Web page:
“As far as the illness goes, no, it's not really affected many of the homeless people that I know. I think it's because we're out in the elements all the time. We actually have a decent immune system because we don't use the hand sanitizer on a regular basis. We don't use all these different things that they're telling everybody that they need to use in killing all the good germs—as well as the bad germs,” Smith said.

But even people with strong immune systems can get—and spread—the coronavirus.

And the Centers for Disease Control and Prevention, or CDC, says while the homeless might be outdoors more frequently than the general population, they still have several COVID-19 risk factors.  For example, a lack of housing contributes to poor health outcomes. And many homeless people are older or have underlying medical conditions like COPD.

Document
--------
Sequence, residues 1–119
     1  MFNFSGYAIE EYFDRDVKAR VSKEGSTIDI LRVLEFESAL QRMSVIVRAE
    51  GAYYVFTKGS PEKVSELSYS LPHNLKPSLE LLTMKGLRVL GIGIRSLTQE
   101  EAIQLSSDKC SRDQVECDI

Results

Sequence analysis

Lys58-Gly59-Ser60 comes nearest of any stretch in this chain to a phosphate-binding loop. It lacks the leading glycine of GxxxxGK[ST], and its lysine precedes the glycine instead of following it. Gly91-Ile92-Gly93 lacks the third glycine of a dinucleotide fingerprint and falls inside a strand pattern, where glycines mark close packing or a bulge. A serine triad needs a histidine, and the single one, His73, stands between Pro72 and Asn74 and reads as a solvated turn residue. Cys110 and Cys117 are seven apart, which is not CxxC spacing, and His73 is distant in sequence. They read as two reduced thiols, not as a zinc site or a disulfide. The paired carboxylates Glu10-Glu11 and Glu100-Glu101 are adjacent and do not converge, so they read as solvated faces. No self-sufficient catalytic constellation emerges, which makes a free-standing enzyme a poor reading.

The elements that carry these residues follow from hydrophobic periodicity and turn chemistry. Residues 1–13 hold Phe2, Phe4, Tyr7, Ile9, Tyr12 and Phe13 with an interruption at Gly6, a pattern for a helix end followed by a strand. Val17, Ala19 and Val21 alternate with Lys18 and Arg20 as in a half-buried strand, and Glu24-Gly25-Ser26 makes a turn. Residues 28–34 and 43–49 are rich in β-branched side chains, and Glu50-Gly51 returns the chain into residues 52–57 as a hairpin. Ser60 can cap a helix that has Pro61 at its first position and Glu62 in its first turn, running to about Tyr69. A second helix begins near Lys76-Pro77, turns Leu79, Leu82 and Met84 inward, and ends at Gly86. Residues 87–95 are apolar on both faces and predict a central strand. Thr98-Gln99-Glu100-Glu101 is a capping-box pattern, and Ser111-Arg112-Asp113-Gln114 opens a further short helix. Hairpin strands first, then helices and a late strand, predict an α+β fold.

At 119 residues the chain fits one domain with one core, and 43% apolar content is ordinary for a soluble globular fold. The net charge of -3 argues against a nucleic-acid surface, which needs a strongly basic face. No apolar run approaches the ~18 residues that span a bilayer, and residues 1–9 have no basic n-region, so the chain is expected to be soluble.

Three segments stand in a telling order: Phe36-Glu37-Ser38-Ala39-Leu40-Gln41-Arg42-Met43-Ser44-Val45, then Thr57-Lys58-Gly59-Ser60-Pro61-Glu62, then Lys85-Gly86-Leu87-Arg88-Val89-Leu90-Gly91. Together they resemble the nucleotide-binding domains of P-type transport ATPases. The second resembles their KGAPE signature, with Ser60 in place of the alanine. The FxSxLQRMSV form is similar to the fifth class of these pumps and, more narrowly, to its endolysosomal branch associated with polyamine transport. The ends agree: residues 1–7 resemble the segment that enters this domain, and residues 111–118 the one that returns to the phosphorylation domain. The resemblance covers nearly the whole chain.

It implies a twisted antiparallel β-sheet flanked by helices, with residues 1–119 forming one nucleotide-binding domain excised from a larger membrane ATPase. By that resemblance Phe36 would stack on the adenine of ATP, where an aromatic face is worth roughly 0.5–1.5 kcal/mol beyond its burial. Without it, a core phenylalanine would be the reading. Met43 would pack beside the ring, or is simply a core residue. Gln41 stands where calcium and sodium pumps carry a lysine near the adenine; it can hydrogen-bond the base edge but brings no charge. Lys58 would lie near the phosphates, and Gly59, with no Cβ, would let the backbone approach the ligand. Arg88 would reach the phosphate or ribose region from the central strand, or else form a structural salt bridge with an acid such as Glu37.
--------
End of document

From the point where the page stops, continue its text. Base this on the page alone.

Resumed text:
What happens when a homeless person tests positive

Health experts say this is no time for shelters to let their guard down. 

Chris Rice oversees operations at the Veterans Coming Home Center in downtown Springfield. He's worried, with COVID spreading rampantly now, that there's not a clear plan for homeless people who get the disease locally. Rice said the small handful of individual homeless cases Springfield has seen were met with confusion and nowhere for the COVID-positive person to go. One woman in particular comes to mind, Rice said.

“She was positive for COVID, recently homeless, knew nothing about this new system, and was wondering what we could do to help. And because she was positive for COVID, we had to tell her that, ‘You can't come here,’ and that, ‘You have to get a negative test.’ And all she could say was, ‘Well, where am I supposed to go?’ Those questions are the same since March and we still haven't found the answers to them,” Rice said.